An MSA is normally targeted to a single business function within a larger organization. Business functions are subsets of the enterprise that provide services and products that are consumed by customers and partners. These customers and partners may be wholly contained within the business. An enterprise has many, sometimes overlapping business functions. When a decision has been made to commit to an MSA for the business function (an organization within the larger enterprise), an architecture effort should be started to create the initial architecture for the function. The Business Architecture for the function needs to provide context for the business function within the enterprise as well as an understanding of the services and operations that the business function provides. This initial architecture serves as the baseline for future architecture efforts.
According to the TOGAF Standard, a business function is:
“A collection of business behavior based on a chosen set of criteria, closely aligned to an organization.”
Atomic Business Function
The MSA Work Group defines an Atomic Business Function (ABF) to be the smallest unit of business function within an enterprise that delivers value. An ABF typically provides services supporting a single enterprise capability. Business capabilities are delivered by processes carried out by business functions which may be composed of other business functions. As an example, most organizations have a business function for marketing. The marketing function may contain a customer loyalty business function within it. If the loyalty function does not contain any other business functions, it is an ABF providing services around the capability of managing customer loyalty relationships.
Once the initial MSA for the business function has been established, future iterations should be focused on the changes related to the business function supported by the MSA and the context of the function within the overall organization.
An MSA is not created in a vacuum, but is constrained by the overall Enterprise Architecture. This helps to reduce redundancies that may occur when multiple business functions share a need for common capabilities.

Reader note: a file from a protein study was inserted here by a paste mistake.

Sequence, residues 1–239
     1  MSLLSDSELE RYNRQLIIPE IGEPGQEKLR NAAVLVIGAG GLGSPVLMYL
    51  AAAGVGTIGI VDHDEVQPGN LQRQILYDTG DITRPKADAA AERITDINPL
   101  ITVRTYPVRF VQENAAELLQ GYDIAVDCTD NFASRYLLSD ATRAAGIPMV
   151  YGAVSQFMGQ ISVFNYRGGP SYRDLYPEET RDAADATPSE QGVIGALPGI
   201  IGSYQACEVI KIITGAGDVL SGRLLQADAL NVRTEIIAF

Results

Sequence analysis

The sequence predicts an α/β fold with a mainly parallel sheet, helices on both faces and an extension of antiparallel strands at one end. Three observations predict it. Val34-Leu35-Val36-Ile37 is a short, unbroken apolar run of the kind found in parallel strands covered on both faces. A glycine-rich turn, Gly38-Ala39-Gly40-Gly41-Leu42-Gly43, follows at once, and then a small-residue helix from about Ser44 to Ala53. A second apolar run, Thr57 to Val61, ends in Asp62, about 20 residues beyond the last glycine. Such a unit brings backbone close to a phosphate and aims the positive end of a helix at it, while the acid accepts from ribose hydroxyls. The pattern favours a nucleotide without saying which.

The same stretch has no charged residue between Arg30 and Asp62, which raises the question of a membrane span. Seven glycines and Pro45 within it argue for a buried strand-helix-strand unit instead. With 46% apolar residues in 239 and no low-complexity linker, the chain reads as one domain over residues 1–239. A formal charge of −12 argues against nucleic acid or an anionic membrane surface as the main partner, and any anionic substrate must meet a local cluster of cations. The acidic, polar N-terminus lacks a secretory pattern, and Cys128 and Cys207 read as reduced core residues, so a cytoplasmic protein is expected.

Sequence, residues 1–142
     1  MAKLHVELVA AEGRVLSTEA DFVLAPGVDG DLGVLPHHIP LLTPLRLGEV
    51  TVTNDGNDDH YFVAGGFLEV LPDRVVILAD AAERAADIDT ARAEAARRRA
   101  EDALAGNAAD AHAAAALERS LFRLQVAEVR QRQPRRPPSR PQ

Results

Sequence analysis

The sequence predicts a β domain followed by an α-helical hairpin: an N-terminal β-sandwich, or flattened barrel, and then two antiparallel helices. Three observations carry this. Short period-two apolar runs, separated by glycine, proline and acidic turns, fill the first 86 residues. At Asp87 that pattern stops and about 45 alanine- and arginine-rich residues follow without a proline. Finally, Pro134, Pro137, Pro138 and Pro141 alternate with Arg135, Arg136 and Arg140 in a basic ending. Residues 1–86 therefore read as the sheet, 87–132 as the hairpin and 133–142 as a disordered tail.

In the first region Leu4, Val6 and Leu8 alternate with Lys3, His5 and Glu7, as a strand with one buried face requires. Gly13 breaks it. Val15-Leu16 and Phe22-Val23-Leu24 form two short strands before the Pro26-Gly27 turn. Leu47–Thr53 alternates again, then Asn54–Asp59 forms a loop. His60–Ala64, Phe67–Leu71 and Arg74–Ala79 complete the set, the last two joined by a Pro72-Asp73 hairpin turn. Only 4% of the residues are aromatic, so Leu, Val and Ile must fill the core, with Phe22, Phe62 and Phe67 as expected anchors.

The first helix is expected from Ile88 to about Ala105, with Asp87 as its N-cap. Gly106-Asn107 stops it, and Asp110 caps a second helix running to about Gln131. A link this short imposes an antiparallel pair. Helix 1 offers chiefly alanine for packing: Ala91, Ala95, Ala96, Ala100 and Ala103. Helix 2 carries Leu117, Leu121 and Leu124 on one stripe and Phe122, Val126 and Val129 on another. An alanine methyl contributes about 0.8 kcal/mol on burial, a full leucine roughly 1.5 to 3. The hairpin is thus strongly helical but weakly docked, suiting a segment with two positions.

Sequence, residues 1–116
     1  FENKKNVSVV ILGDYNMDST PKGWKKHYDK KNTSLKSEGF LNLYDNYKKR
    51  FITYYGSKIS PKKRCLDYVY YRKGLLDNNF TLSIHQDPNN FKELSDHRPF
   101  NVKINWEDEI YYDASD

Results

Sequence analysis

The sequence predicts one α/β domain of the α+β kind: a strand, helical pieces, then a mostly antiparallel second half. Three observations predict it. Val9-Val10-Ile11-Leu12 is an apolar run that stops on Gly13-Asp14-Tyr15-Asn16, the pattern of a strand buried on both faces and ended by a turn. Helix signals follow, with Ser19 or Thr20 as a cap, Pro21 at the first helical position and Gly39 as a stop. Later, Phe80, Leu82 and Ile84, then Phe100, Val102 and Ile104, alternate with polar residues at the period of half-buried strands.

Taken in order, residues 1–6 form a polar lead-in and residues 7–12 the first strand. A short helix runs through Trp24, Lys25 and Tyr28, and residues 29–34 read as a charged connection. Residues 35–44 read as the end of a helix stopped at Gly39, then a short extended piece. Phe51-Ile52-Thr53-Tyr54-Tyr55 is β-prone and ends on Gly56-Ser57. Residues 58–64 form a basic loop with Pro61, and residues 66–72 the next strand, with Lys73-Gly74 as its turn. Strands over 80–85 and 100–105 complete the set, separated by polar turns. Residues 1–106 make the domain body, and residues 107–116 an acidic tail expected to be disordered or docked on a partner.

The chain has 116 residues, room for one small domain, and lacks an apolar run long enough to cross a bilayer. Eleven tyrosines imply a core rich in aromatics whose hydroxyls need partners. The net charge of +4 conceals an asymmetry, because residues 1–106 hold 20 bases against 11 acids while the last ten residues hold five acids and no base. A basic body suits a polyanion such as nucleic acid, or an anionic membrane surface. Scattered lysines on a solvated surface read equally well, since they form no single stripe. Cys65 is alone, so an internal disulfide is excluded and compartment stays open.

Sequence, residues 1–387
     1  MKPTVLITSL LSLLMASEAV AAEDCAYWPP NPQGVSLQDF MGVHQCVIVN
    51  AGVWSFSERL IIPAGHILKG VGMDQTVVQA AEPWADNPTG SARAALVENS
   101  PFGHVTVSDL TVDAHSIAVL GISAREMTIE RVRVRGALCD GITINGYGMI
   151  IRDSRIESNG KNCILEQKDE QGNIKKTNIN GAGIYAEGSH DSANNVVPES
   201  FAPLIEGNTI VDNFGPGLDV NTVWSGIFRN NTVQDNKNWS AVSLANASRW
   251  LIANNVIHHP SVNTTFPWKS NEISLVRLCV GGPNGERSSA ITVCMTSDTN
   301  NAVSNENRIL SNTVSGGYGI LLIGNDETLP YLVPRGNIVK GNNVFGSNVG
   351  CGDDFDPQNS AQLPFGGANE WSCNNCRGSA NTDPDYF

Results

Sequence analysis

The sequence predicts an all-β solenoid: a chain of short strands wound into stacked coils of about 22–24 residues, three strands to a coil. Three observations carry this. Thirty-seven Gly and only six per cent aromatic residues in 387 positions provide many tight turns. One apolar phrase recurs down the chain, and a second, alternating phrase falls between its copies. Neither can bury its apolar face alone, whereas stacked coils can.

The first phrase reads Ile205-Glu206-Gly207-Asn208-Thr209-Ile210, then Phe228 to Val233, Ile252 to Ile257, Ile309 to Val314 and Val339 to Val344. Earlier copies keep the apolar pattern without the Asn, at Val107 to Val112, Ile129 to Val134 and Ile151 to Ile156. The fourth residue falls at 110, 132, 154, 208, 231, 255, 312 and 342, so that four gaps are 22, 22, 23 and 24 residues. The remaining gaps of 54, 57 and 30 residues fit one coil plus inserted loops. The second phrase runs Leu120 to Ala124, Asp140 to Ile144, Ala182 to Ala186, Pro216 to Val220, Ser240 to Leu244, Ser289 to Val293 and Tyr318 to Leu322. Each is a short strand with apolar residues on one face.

When developing a Business Architecture for an MSA project, the practitioner should limit the scope of the Business Architecture to that of the business function. Once the Business Architecture has been established for the business function, it can be re-used for future iterations.
A business function can be decomposed into its constituent parts in a similar fashion to how the enterprise is decomposed into a full Enterprise Architecture (refer to the TOGAF Standard, Phase B: Business Architecture).
- Business Capability Mapping
Identifies, categorizes, and decomposes the capabilities required for the function to have the ability to deliver value to one or more stakeholders. This essentially defines the services, operations, products, and other outputs that a business function needs to deliver to achieve its purpose.
- Information Mapping
Collecting the information concepts and their relationships that matter most to the business.
- Organization Mapping
In an MSA Business Architecture there are two goals: the first is to establish the position and role of the business function within the enterprise, and the second is to describe the internal organization of the business function. Normally these can be established once for the business function and re-used for future iterations.
- Value Stream Mapping
The value stream is the stream for the business function putting the stream in the context of value to the enterprise as a stakeholder. For an MSA the value stream artifacts illustrate how a function delivers value in the context of the enterprise or a containing subset of the enterprise. These artifacts must align with the overall Target Architecture.
- Structured and Use-Case Analysis
In the context of the business function, identify the key services or operations provided and within the scope. Actors and their roles are identified and mapped to the delivery of services within the business function.
- Process Modeling
The primary scope of process modeling here is for the processes contained within the business function. Interfaces to external processes should be modeled as black boxes, reflecting the independence of the services offered by the business function with respect to external services. These interfaces can be modeled as inputs, outputs, and controls which can be affected by external business functions.
In an MSA, the business function essentially becomes an independent component or building block of the enterprise. It is important to establish the interfaces that define how the business function interacts with other organizations. This includes defining the services and operations provided by the function, as well as the contracts and other documents that govern the interfaces.